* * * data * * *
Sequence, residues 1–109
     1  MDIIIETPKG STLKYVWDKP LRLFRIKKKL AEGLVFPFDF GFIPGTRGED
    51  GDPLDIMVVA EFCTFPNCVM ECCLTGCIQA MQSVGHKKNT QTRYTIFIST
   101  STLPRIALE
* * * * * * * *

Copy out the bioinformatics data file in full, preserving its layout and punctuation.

Sequence, residues 1–109
     1  MDIIIETPKG STLKYVWDKP LRLFRIKKKL AEGLVFPFDF GFIPGTRGED
    51  GDPLDIMVVA EFCTFPNCVM ECCLTGCIQA MQSVGHKKNT QTRYTIFIST
   101  STLPRIALE